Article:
The combination of military veterans and disaster relief makes perfect sense, Meijer says.
“When a vet comes back, he loses a sense of camaraderie,” says Meijer, who lives in Manhattan. “You have a profound emotional connection with the others you serve with. Suddenly, that’s gone, along with your sense of purpose.
“How can you find a new community to be part of that gives you a sense of purpose and community?”
Many find it through Team Rubicon.
“Your main mission is to help people — restore a sense of normalcy,” he says. “But there’s this beautiful silver lining. It also helps the vets, who often struggle with suicide, mental health issues, PTSD, issues of unemployment, how to integrate. All these difficult issues. When you try to work on them directly, you don’t make much progress. But when you’re working with other vets at a disaster, all those really difficult emotional bridges to get across fall away on their own.
“It’s the most gratifying thing.”
Meijer was in Moore, Oklahoma in May right after a deadly tornado struck, killing 23 people and injuring 377 others. Eight children died in the Plaza Towers Elementary School there.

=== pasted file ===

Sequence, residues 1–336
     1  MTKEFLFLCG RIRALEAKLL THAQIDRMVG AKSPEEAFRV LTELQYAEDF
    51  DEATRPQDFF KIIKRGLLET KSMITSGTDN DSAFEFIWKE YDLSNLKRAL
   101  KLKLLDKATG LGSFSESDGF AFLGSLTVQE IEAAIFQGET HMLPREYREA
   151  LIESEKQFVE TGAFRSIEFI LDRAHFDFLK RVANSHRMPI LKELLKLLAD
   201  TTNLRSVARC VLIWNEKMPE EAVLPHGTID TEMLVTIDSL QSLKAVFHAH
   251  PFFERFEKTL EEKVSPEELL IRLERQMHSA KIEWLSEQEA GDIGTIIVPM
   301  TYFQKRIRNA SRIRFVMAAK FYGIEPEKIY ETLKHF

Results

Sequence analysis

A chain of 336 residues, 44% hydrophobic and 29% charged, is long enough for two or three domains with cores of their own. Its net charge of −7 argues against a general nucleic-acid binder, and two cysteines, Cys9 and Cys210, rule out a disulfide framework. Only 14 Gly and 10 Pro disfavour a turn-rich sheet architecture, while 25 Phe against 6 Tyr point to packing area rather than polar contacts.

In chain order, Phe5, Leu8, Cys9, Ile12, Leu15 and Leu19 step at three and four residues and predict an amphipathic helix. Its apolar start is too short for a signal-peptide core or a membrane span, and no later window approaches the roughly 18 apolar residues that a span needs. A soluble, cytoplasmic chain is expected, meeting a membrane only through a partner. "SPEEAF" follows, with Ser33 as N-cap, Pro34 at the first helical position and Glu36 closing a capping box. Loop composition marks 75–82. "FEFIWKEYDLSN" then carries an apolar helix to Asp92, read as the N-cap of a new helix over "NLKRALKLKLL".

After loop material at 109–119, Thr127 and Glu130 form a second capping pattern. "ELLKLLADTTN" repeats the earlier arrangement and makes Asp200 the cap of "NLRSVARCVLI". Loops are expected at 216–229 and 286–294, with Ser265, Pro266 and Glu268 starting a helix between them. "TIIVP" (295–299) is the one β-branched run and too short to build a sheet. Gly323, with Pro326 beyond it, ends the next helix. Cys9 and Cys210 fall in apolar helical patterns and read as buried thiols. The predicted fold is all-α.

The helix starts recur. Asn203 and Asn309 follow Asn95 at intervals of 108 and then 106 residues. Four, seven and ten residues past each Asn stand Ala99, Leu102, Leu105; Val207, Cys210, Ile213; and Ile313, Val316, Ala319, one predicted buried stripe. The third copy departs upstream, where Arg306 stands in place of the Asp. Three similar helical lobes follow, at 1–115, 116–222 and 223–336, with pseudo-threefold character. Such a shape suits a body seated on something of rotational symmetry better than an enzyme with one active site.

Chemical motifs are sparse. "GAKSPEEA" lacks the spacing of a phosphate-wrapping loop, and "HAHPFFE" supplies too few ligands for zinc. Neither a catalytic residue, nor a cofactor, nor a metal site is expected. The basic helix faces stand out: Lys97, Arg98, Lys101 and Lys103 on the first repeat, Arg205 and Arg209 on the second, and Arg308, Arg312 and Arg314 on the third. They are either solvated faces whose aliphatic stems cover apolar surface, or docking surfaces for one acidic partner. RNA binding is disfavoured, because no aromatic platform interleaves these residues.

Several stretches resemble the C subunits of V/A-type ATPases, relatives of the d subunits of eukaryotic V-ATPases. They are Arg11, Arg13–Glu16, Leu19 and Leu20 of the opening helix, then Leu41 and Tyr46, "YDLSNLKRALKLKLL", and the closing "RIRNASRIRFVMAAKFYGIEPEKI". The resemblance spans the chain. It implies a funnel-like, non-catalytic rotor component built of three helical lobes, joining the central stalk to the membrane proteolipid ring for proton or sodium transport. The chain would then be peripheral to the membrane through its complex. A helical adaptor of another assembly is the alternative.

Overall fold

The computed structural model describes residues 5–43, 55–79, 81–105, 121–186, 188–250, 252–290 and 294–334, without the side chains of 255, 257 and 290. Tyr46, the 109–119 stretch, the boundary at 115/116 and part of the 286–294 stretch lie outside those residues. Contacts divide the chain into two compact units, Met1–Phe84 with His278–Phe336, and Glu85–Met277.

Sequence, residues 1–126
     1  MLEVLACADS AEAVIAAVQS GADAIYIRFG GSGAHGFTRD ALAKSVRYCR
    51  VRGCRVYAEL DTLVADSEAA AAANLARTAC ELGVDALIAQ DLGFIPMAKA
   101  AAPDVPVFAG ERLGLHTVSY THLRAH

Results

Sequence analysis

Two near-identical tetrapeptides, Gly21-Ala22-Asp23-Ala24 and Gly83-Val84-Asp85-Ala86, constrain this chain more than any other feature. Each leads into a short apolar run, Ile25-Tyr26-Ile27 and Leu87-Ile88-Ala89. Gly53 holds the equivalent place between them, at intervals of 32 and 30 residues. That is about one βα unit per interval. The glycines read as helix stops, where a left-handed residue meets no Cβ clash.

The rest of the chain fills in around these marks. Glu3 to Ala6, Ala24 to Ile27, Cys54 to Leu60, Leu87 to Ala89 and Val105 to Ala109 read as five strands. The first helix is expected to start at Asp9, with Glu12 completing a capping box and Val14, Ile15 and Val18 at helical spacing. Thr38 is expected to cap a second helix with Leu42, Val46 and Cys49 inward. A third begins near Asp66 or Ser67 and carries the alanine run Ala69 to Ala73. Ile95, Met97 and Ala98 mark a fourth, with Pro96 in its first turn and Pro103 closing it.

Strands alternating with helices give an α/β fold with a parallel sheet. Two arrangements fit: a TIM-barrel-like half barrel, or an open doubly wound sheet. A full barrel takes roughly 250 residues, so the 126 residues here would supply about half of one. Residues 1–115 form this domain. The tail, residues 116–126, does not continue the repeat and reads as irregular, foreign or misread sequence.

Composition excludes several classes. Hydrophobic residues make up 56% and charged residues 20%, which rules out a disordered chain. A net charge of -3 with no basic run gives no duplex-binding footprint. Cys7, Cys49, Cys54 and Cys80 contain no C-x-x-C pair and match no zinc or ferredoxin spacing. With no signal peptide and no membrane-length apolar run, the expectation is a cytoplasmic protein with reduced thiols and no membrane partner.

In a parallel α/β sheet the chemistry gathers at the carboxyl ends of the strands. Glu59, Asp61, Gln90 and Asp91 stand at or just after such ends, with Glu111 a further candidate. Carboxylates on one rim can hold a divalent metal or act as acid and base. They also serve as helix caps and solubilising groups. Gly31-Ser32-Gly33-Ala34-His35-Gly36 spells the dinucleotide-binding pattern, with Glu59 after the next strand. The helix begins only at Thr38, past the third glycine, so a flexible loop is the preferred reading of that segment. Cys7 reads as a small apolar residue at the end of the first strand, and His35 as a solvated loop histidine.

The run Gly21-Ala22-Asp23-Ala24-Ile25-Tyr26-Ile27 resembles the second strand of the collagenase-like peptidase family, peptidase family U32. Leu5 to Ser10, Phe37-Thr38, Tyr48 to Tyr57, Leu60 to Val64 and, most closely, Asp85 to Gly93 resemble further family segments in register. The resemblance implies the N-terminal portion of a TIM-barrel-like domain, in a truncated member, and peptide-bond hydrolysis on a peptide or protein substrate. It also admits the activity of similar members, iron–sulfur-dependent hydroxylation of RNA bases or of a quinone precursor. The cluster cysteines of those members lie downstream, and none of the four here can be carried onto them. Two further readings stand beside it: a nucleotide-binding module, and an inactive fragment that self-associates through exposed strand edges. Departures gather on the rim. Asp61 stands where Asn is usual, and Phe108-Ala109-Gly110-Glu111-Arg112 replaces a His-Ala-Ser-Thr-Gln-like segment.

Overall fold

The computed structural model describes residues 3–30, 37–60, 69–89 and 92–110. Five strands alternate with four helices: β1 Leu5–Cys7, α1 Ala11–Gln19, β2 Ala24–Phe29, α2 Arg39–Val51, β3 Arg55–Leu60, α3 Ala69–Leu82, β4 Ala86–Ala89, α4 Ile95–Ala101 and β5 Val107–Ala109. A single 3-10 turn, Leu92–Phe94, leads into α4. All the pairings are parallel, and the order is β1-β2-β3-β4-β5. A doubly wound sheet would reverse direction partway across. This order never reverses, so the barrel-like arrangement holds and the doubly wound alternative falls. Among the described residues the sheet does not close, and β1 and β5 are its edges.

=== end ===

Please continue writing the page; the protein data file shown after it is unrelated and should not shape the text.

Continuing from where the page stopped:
As he worked on cleanup, Meijer watched as one little girl collected loose roof shingles and drew rainbows on them with crayons. She gave them out to volunteers as thank yous.
Meijer found out later she had been pulled from the rubble earlier at the elementary school.
“That kind of thing,” he says, “sticks with you.”
Meijer grew up in East Grand Rapids as part of the Meijer family. His dad is Hank Meijer, co-chairman of the food retailer.
Growing up, Meijer says, “there was a very high bar.
“We learned it was good to want to do good, but that there’s a lot of goodwill out there that’s never translated into action,” he says. “What change can you actually affect?”
Some of his core beliefs come from his grandfather, Fred, he says.